Mike Davis, Paul Rhoads issued reprimands by Big 12

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You have to hand it to the Big 12.  They certainly have a way of taking a smoldering pile of controversy and, in an attempt to put it out, toss 55-gallon drums of gasoline on it.

Saturday evening, the conference issued a pair of press releases addressing two of the situations that arose during and after Thursday night’s controversial Texas-Iowa State game.

Late in the fourth quarter, Longhorns running back Johnathan Gray appeared to fumble inside the five-yard line, with an Iowa State defender recovering with nothing but 95 yards between himself and what would’ve likely been the game-clinching touchdown with under two minutes remaining.  However, Gray was ruled down by contact and the call on the field stood upon further review in the replay booth.

One play later, UT scored what would prove to be the game-winning touchdown with :51 remaining.  Understandably, ISU head coach Paul Rhoads was livid afterwards, essentially saying that the game was taken away from the Cyclones by the officiating.

The criticism didn’t sit well with a league office that was responsible for a laughable “no video evidence” determination a day later, with the Big 12 issuing a public reprimand of Rhoads… while also intimating he’s lucky he didn’t receive a harsher penalty.

“Coach Rhoads violated Conference rules that prohibit coaches, student-athletes, athletic department staff and university personnel from making public comments about game officials,” said Big 12 commissioner Bob Bowlsby.  “Although more severe action was possible he is being issued a public reprimand.  Coach Rhoads is also put on notice that future incidents may result in a more serious penalty.”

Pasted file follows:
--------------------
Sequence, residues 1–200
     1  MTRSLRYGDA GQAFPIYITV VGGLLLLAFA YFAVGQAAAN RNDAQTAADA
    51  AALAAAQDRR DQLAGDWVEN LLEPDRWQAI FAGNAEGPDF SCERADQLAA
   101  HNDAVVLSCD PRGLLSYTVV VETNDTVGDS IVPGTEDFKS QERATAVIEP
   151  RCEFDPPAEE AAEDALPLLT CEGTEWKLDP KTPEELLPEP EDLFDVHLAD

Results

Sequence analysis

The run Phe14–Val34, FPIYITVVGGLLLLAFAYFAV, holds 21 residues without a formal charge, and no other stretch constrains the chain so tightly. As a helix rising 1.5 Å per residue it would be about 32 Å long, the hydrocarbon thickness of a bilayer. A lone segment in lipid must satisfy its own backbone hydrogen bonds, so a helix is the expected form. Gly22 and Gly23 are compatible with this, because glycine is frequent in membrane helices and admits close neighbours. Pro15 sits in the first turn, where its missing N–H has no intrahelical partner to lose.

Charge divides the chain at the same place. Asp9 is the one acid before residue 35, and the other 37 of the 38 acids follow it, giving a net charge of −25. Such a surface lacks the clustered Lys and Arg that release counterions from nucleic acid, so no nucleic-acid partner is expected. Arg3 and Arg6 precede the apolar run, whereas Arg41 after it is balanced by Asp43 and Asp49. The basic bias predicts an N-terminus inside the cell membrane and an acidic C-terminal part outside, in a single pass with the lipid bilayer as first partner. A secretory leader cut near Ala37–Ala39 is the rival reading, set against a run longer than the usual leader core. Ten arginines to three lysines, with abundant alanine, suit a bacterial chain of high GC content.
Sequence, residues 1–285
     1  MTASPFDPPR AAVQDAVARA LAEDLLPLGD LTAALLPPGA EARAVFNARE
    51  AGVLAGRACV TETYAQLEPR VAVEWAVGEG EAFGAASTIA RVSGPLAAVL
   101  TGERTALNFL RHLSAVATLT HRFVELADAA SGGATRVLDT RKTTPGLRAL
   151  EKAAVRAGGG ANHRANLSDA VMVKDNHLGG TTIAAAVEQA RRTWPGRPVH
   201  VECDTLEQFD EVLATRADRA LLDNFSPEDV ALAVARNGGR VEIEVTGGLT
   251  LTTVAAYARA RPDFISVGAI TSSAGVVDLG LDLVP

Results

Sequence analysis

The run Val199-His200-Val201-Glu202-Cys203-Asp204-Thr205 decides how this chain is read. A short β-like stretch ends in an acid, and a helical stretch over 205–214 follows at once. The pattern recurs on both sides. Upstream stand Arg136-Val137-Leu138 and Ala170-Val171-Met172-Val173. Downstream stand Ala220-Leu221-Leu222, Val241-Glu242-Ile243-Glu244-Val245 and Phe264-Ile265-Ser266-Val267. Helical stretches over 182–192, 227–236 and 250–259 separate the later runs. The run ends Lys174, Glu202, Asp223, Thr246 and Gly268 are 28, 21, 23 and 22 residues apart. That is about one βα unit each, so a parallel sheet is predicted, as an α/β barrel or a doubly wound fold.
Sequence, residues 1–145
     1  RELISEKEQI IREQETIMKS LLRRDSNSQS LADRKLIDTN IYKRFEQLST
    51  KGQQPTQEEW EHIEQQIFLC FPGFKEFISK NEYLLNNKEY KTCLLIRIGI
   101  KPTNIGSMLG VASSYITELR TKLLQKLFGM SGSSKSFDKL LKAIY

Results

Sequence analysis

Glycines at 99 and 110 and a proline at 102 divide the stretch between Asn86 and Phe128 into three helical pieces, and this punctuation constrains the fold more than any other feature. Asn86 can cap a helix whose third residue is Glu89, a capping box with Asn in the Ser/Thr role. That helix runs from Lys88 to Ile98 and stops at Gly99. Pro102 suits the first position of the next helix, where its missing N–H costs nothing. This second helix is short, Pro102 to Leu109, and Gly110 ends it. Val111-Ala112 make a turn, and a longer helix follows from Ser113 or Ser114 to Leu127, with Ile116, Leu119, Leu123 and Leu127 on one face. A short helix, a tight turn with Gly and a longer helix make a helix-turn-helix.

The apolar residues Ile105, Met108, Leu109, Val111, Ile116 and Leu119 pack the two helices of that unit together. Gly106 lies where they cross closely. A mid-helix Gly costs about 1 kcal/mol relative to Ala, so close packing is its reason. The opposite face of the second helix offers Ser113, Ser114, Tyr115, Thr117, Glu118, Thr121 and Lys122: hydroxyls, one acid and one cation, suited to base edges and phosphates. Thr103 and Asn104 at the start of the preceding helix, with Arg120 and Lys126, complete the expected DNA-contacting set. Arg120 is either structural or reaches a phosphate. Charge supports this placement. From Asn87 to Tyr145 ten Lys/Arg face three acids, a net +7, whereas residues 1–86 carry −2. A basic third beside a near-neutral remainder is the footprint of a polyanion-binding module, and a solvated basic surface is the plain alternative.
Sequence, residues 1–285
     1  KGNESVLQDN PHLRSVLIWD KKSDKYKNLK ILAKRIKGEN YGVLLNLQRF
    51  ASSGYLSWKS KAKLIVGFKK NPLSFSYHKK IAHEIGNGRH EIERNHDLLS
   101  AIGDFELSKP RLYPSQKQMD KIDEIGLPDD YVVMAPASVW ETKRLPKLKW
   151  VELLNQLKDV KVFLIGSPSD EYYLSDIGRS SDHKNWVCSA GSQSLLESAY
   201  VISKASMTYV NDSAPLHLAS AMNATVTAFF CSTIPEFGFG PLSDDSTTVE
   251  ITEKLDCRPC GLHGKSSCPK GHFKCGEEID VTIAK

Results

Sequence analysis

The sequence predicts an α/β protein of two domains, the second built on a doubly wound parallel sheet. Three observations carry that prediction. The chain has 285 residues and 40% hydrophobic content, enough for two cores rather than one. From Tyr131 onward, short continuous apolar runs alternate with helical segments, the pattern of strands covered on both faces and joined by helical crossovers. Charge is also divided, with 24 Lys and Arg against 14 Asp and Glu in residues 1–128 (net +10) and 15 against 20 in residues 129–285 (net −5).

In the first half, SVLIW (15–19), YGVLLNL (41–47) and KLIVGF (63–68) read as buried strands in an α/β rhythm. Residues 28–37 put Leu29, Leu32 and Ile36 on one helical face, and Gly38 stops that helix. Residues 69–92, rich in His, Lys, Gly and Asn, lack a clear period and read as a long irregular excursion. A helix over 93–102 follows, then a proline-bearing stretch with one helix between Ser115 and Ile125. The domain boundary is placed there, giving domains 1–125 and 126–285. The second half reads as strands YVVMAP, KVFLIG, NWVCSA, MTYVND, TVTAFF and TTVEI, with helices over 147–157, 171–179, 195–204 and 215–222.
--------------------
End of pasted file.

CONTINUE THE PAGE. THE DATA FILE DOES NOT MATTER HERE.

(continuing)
In addition to the public wrist slap of Rhoads, the Big 12 also publicly reprimanded Texas’s Mike Davis.  The wide receiver created more than a little outrage with a suspect “block” on a Cyclones defender well away from and at the end of a play.  It was a cheap shot that many thought would/should lead to a suspension for the player.  Instead, we get…

“In accord with the Conference’s Sportsmanship and Ethical Conduct policy, Mr. Davis’ action was in violation of the rule prohibiting physically abusive acts toward an opponent’s team members during a contest,” said Big 12 commissioner Bob Bowlsby.  “Given the heightened emphasis on player safety, unnecessary and illegal acts such as this have no place in the game and are unacceptable.  Mr. Davis is also put on notice that any future such behavior may result in a more serious penalty, including possible suspension.”

So, the Big 12’s way of dealing with a player attempting to take out the knees of an opposing player and a head coach who rightly questioned the officiating is to give them the same public reprimand?

Bravo, Big 12.  Bravo.  Solomon would be awed at the level of wisdom displayed over the past three days.

Suspended Michigan State staffer receives another contract extension

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Michigan State has added another one-month extension to the contract of suspended football staffer Curtis Blackwell as the school continues to investigate several sexual assaults involving the Spartans.

A schools spokesman confirmed the extension to the Detroit Free Press on Friday.

The move comes on the heels of a previous one-month contract extension for Blackwell that came at the end of March. His official title is that of the team’s director of college advancement and performance and he was hired by head coach Mark Dantonio back in 2013 after running a number of major recruiting camps in the region.

Blackwell was originally suspended back in February as the school and police began multiple investigations related to sexual assaults. According to reports, one Michigan State staff member had an arrest warrant issued for obstructing an investigation but he was never publicly identified by the school.